[This is the text of the book reviews from episode 36, which was a recap of books I’d reviewed prior to having the podcast, grouped by genre. Some books didn’t make it onto the website so this is the first time some have been mentioned, while I’ve rethought my opinions on others.]
The first book that came to mind after I had my Realisation was The Claiming of Sleeping Beauty—the first book in the Sleeping Beauty trilogy by Anne Rice. It’s now a quartet, as Rice added a fourth book in 2015. The books had been introduced to me when I was sixteen or so by a friend of mine who was both a fan of the author and also wildly horny. I can’t recall if I even finished the first book, but certain scenes stuck with me.
After realising a few things about myself I thought I’d give it another go. Yeah… I’m not a masochist and forced submission does nothing for me. Even in fantasy. The constant crying, humiliation and forced public nudity is a huge turn off. It’s written extremely well, though, and I recommend it to people who are looking for a specific sort of erotica. It’s just not for me, which was kind of a shame because there were three other books and it’s always nice to have your reading list set for awhile. I didn’t make it as far this time as I did as a teen—there are scenes I remember that I didn’t get to—now that I know about how consent works in BDSM I really need it. My fantasy life includes contract negotiation.
Then we have Something Leather by Alasdair Gray. This was an odd one. Quotes from my written review:
The stories felt very different from one another, which, at first, I thought was because the characters each came from different class backgrounds and had different personalities. Then it turned out Gray had reworked several of his plays to use as short fiction. One story was from one play, another was from another, etc.
Something Leather is an odd little book. If you’re only looking for the sexy/naughty bits read Chapter 12: Class Party and maybe Chapter 13: New June. The Epilogue also had some interesting insights into what Gray considered doing with some of the characters and plots at different points.
It’s more of a character study than about plot, though some weird occurrences…occur. To some weird people. Who live in Glasgow, which if probably part of their problem. (Kidding.)
I gave it a 3/5.
Next on the fiction list was Mary Gaitskill’s story collection Bad Behavior. I had high hopes here because it includes the short story the film Secretary is based on, which is one of the very few times the film was a vast improvement on the source material. I did a piece of writing comparing the story to the film (they’re both called Secretary)—the link will be in the show notes—if you’re curious about similarities, differences and so on. It’s a scene-by-scene, sometimes line-by-line comparison so, you know, here’s your spoiler warning.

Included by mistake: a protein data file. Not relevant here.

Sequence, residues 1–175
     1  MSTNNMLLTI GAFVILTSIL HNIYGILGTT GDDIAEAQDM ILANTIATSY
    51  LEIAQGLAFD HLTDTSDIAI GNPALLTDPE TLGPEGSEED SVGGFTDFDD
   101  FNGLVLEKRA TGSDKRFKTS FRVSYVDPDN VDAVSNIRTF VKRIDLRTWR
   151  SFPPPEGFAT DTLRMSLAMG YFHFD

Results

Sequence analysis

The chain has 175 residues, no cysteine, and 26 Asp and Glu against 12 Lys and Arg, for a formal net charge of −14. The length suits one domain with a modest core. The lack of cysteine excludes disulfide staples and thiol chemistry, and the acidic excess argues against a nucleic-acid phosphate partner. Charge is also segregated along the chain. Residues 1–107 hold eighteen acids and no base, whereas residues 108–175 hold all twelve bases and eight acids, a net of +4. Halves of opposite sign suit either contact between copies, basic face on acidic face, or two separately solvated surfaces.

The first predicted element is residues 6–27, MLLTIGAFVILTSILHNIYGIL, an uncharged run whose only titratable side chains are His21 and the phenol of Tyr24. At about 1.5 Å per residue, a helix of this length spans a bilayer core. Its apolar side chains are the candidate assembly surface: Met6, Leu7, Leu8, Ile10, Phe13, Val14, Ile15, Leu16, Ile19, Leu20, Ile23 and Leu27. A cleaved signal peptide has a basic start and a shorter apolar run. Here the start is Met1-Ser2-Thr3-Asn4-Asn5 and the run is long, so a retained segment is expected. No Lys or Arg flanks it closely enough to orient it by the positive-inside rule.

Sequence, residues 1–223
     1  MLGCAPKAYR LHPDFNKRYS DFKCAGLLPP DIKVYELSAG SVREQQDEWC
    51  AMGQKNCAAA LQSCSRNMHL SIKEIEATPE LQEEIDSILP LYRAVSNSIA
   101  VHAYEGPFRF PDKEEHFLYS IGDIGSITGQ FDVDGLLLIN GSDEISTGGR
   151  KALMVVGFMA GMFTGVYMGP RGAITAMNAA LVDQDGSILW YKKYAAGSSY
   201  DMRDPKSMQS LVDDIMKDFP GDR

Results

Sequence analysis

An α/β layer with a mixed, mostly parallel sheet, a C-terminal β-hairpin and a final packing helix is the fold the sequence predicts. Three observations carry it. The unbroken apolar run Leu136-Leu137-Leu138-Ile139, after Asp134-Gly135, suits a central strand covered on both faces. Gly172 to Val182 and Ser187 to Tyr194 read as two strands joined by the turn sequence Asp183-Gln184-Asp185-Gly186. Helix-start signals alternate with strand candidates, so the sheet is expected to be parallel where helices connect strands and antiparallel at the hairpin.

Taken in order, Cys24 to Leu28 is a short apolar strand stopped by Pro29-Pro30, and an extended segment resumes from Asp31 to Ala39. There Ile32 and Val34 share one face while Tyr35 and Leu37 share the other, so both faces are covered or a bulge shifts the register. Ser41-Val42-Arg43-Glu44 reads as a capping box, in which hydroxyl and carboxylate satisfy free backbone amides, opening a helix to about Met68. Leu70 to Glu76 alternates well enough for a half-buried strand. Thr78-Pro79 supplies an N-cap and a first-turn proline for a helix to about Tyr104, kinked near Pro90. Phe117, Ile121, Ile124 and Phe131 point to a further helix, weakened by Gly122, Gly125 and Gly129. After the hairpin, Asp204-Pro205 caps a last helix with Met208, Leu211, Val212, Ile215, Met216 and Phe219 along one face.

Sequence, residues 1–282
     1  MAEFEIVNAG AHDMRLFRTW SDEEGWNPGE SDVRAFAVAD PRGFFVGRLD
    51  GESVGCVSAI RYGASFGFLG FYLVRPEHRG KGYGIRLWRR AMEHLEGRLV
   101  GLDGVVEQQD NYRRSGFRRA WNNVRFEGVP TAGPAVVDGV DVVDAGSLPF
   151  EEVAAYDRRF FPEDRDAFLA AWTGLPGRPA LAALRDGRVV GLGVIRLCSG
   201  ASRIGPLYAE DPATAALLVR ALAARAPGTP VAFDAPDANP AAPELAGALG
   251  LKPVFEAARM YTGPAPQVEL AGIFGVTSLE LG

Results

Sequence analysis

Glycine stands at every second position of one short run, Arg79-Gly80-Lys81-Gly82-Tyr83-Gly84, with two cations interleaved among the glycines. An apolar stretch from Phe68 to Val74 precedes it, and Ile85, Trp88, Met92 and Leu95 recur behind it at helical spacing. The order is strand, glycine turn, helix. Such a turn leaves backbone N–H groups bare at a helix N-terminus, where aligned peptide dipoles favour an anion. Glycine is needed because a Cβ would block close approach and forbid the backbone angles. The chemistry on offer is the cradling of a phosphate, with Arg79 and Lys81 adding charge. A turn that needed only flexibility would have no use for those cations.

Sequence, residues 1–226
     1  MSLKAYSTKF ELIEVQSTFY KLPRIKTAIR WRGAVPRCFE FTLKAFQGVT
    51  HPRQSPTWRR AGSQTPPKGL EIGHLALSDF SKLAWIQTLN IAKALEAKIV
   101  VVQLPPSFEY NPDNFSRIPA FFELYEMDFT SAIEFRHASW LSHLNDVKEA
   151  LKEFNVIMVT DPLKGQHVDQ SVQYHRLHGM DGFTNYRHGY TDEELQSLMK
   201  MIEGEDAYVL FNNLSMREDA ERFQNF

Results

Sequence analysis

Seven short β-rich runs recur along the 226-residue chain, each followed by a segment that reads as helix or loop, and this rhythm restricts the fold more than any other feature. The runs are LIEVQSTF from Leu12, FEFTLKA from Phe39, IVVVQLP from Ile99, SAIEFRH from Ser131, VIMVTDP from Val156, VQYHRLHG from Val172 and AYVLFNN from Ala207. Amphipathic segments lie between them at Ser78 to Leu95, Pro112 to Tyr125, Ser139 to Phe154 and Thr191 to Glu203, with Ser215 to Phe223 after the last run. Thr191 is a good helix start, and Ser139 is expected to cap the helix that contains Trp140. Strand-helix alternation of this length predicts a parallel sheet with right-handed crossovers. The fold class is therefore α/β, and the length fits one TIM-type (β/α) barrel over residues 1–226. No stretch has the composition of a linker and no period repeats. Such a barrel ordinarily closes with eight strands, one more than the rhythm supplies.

Anyway, the book—the stories are about a bunch of people you’d never want to know. They’re interesting enough to read about, though. Several of whom are into sadomasochism, but not in a good way. In a—let’s not discuss boundaries—sort of way. A story called ‘Romantic Weekend’ was an excellent example of this.
From the original review:
Mary Gaitskill’s Bad Behavior is a collection of stories about some truly unlikable people. Really. I wouldn’t want to have lunch with one of them. Reading about them was engaging, though–Gaitskill captures the grimy, complicated reality of life, but this isn’t feel-good material. It isn’t redemptive reading, either–where someone triumphs over adversity. It’s a collection of people who live odd little lives and interact with others living odd little lives.
I gave it a 4/5.
Gaitskill herself had some questionable things to say about sadists and masochists and then I had some things to say about that—you know, in my shrinking violet way—in a writing that will be linked to in the show notes.
The final fiction book was The Piano Teacher by Elfriede Jelinek. It’s the novel the film of the same name is based on. I’d seen the film first and loved it and the book is even better. The film is so well-made, though, that the book only enhances re-watches. If you’re unfamiliar with either, it’s about a repressed piano teacher, Erika, who works at a conservatory in Vienna. She focuses entirely on her students and art, with the plan/dream of becoming a great star one day. She has many kinks, though they have never been explored or expressed, as she lives with her suffocating mother.
Eventually she meets a student, Walter Klemmer, who is everything she’s wanted to submit to. But he’s a vanilla guy and she doesn’t have the correct language to ask for what she needs. If you’ve seen the film—the book is written from several characters’ points of views and you get more background on Erika when she was very young and how she became the paragon of sexual freedom and expression she was as an adult.